— Heard on MLB Tonight (@HeardOnMLBT) June 6, 2013
One of my (extremely important) crusades in life is to try and help people understand what exactly the word “literally” means. So please, let me help you out. Your jaw didn’t “literally” hit the floor. You didn’t “literally die of embarrassment” or you wouldn’t be the one telling the story. One time, I startled a lady at work and she said “I just literally crapped my pants.” I replied, “You either have no idea what the word literally means or that is the most disgusting thing I’ve ever heard.”
So, Matt, unless Yasel is sitting back in the clubhouse holding a cup of Starbucks, you sir, fail to grasp the concept of “literally.”
“I don’t know statistics, but it seems like he’s scored the most runs this year.” – Harold Reynolds.— Heard on MLB Tonight (@HeardOnMLBT) June 8, 2013
I can’t. I just can’t.
Runs scored is a really basic statistic. It takes less than a minute to look up on almost any baseball-related site. Is the problem, perhaps, that Harold and the guys don’t have a computer with internet access? I used my fancy, new-fangled computer to find out that Carlos Gonzalez and Joey Votto have scored the most runs this year. So what it “seems” like is really pretty inconsequential.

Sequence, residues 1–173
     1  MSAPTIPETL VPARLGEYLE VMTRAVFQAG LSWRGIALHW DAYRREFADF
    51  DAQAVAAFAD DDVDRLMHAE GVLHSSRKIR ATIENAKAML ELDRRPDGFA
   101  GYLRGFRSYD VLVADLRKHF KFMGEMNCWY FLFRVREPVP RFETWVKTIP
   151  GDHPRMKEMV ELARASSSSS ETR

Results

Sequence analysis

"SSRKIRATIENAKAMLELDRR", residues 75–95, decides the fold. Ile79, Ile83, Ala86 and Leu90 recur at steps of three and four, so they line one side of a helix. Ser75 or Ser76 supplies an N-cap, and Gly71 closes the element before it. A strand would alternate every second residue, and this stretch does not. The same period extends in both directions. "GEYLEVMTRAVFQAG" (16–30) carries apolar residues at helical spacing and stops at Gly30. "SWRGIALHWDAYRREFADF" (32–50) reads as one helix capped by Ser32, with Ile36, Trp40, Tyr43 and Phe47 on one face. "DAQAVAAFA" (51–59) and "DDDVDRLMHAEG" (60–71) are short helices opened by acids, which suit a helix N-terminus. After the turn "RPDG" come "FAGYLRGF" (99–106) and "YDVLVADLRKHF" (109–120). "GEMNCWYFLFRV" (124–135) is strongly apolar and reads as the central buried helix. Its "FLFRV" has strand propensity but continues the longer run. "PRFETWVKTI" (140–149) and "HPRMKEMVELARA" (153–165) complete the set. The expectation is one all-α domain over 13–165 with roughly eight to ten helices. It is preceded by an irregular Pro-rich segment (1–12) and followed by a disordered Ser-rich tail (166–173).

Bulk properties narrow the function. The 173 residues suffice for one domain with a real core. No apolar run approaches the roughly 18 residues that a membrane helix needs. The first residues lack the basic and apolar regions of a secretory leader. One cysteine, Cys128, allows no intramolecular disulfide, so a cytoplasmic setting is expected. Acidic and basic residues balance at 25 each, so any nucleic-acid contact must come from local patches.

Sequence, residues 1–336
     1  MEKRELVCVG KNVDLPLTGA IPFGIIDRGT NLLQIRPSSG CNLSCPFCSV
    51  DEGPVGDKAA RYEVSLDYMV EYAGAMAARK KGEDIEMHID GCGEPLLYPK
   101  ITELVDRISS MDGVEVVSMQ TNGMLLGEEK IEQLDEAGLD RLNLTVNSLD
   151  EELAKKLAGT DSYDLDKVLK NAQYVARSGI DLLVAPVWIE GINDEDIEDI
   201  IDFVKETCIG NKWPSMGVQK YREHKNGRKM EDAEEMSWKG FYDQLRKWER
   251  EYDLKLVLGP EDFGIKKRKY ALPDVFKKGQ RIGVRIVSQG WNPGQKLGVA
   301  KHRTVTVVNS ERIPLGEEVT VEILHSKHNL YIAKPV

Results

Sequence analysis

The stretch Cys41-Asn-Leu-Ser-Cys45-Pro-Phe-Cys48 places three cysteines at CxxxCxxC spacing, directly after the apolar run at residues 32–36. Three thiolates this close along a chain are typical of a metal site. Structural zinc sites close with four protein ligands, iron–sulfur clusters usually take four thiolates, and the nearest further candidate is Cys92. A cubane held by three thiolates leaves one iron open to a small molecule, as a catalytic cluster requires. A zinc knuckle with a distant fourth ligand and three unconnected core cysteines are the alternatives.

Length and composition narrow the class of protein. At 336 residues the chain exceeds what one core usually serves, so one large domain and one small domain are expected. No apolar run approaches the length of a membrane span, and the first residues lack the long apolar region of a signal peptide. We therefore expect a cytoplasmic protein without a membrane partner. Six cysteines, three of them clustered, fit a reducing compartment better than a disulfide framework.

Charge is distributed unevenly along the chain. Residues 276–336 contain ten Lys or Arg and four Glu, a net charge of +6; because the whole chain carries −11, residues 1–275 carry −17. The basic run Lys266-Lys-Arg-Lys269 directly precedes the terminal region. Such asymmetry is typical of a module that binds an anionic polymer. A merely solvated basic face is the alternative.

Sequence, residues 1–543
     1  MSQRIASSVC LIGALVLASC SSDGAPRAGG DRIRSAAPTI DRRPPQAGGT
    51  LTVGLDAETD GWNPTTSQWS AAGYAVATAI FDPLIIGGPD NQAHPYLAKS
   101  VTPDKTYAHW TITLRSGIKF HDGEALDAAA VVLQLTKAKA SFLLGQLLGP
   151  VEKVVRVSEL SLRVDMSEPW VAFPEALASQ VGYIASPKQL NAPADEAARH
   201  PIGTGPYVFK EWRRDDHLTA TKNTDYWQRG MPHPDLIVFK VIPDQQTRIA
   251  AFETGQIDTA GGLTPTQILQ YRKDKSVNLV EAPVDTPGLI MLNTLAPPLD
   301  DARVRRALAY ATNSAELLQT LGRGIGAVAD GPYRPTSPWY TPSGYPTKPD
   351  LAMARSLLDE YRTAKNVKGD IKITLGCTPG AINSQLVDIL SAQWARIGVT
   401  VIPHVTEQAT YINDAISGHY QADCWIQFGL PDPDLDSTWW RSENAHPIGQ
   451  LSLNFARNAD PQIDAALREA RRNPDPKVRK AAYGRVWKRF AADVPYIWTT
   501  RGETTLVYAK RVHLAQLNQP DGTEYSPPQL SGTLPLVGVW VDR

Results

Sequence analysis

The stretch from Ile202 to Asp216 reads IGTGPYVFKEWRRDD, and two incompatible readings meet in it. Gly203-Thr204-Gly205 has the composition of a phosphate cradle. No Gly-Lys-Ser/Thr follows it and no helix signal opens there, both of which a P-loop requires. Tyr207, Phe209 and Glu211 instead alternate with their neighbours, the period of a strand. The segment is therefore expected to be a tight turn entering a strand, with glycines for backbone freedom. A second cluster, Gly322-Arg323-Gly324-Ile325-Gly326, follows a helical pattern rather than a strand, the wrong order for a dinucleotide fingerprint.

I’m being straight up honest. I have no idea what run differential is. – Harold Reynolds
— Heard on MLB Tonight (@HeardOnMLBT) May 23, 2013
And the cake has been taken. It’s gone and Harold Reynolds took it. I could teach Run Differential to an 8-year-old in under 2 minutes, I guarantee it.
“Ok Mikey, how many runs have the Red Sox scored this season?”
“And how many runs have they allowed their opponents to score?
“And what’s 351 minus 273?”
“Congratulations Mikey, you now understand Run Differential. Go be a mediocre player in the major leagues for a few years and you will be over qualified to be an analyst on the MLB Network.”